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Sudden Flare-Up of Heart Failure


Sudden Flare-Up of Heart Failure

Symptoms of sudden heart failure

Sometimes your symptoms may get worse very quickly. This is called sudden heart failure or a flare-up. It causes fluid to build up in your lungs, causing congestion. (This is why the problem is often called congestive heart failure.) Symptoms may include:

  • Severe shortness of breath.
  • An irregular or fast heartbeat.
  • Coughing up foamy, pink mucus.

Sudden heart failure is an emergency. You need care right away.

A flare-up is different than heart failure that gets worse slowly. With a flare-up, your symptoms change much more quickly. It may happen if you have a high-salt meal, forget your medicines, get an irregular heartbeat, or have a problem like anemia, an infection, or a fever.

You may have to stay in the hospital to fix the problem. Some flare-ups may take several days to control.

After treatment, your symptoms will probably go back to the way they were before the flare-up.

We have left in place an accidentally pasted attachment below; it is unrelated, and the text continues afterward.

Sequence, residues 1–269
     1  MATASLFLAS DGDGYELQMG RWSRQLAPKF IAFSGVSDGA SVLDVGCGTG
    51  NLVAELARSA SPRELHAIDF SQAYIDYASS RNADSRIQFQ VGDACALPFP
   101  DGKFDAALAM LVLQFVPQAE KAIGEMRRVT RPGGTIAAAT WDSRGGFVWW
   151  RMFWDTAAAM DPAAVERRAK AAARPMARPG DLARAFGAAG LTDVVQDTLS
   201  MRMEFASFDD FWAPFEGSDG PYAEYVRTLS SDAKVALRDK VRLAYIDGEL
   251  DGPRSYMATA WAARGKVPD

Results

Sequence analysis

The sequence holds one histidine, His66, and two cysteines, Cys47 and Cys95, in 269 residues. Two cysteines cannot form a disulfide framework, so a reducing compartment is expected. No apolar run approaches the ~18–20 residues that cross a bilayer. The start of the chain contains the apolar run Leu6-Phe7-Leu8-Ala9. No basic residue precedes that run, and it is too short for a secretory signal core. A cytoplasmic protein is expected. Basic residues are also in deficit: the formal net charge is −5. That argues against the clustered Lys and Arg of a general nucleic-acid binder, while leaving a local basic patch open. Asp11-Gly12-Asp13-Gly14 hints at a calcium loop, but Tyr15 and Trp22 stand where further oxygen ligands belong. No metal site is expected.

Treatment for a flare-up

When you arrive at the hospital or emergency room, the doctor will prescribe medicines such as diuretics, nitrates, and/or morphine. These will help you breathe more easily and control your pain or anxiety. You also may get oxygen.

Your doctor may order exams, such as a stress test, EKG/ECG, or echocardiogram. These tests will let the doctor know how well your heart is working.

Your doctor will try to find the cause of your flare-up and treat it. For example, you may have eaten a salty meal the night before that caused your body to hold onto extra water and make your symptoms worse. Or the cause may be harder to find.

After the flare-up is controlled, your doctor may change the doses or types of medicine you take.

In some cases, you may go from the hospital to a rehabilitation (or rehab) center. The staff members are specially trained to support people with heart failure. They can help you with diet and lifestyle changes.

Credits

ByHealthwise Staff
Primary Medical ReviewerE. Gregory Thompson, MD - Internal Medicine
Specialist Medical ReviewerRobert A. Kloner, MD, PhD - Cardiology
Last RevisedAugust 5, 2010

eMedicineHealth Medical Reference from Healthwise

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